K-Limited Carrier s John Wolf performs his daily pre-trip inspection on an MC 407 tanker.
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Kim Kaplan had worked her way up the ranks at the local Refiners Transport truck terminal, but she and her husband, Dean, knew its demise was coming.
So, days after the terminal closed, the trucking industry veterans opened their own business, K-Limited Carrier Ltd., in January, 1997. The firm that hauls bulk liquids, such as petrochemicals and sulfuric acid, had revenues of $1.2 million that first year, a number expected to reach $10 million this year, said Mr. Kaplan, chief financial officer and vice president.
The Kaplans credit the quick growth of the firm, believed to be the nation s largest woman-owned bulk-trucking company, to a number of factors, including dedicated employees and the outgoing Ms. Kaplan s willingness to work weekends. K-Limited started with five drivers and now has 75 employees at three locations.
I have gotten a lot of support from my customers, said Ms. Kaplan, president and chief executive. We re small enough still where we can keep our arms around it and watch over it.
For customer Chet Rolak, director of transportation and logistics for Jones Hamilton Co. s Walbridge facility, K-Limited s dedication to safety is a prime reason to keep using the firm. The 45-employee facility produces hydrochloric acid, which K-Limited hauls, and sodium bisulfate.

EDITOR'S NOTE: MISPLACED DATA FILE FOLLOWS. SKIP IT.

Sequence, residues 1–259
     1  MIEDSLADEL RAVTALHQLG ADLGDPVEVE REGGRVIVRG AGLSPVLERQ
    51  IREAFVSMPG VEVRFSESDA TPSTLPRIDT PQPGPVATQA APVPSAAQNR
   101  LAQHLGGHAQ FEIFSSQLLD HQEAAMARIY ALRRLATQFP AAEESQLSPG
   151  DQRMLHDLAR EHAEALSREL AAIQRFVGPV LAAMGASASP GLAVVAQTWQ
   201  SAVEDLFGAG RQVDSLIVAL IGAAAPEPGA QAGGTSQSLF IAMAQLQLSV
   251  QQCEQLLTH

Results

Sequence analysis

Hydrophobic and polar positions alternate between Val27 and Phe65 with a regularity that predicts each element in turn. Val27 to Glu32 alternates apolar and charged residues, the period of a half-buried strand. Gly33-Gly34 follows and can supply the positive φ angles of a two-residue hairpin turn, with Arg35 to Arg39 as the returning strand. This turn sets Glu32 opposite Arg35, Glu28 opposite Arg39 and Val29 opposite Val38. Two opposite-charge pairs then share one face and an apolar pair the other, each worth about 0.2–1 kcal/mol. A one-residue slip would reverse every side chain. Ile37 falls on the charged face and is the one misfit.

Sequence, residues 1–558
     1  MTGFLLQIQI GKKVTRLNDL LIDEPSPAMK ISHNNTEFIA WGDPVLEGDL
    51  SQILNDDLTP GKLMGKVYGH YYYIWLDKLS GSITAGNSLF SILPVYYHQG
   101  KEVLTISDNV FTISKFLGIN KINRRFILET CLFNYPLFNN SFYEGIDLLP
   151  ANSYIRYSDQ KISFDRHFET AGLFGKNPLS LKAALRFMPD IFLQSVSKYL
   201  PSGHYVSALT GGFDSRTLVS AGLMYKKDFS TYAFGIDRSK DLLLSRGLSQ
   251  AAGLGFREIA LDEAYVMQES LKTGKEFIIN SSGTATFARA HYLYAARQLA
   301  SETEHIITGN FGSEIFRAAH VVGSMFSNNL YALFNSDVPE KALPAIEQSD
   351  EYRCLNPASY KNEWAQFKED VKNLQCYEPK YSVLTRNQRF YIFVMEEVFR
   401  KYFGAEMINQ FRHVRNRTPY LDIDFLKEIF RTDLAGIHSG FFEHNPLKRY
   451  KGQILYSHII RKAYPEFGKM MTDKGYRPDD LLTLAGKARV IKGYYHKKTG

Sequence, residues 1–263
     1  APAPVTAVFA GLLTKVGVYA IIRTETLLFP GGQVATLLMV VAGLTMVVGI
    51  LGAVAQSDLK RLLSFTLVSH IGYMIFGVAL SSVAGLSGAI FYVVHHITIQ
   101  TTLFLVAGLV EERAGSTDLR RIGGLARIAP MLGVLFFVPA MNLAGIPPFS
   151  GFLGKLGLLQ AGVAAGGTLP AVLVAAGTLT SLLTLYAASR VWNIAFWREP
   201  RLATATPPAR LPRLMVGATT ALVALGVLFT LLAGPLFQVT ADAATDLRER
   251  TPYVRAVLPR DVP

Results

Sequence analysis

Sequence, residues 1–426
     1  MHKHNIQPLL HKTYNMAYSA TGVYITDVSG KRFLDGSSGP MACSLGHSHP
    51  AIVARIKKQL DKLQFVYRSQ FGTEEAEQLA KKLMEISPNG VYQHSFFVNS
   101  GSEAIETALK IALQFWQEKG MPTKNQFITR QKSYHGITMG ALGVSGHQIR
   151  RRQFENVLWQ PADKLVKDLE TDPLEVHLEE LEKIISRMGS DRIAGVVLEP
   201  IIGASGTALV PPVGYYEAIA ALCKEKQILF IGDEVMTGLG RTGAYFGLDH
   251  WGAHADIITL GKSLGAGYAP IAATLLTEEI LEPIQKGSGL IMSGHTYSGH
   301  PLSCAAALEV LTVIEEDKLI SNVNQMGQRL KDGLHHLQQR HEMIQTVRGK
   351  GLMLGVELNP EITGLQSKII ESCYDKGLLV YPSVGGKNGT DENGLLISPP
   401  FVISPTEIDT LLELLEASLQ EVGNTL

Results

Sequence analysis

When you re hauling hazardous materials, safety is paramount, Mr. Rolak said.
Last year, K-Limited ran 4.3 million miles and had an accident ratio of .0000691 per million miles, earning them the national honor of being Sunoco Inc. s tank-truck carrier of the year award for the second consecutive year. K-Limited s safety program includes multistep training for new hires.
The Toledo company had a homecoming of sorts when it bought and moved into the Matzinger Road building that housed the trucking firm started by Mr. Kaplan s father, Freightway Corp. Mr. Kaplan is president of the Toledo Trucking Association.
The business also has terminals in Detroit and Chicago, and it has a group of drivers based in Philadelphia.
The Kaplans said their biggest barrier to growth is finding qualified drivers, a necessity throughout the industry. Sixty-five of the firm s employees are drivers, including five who were with Ms. Kaplan at
Their locations, though, form an advantageous triangle for trucking firms, Mr. Kaplan said.
Toledo sits in just the best corridor you could ever ask for, Ms. Kaplan said.
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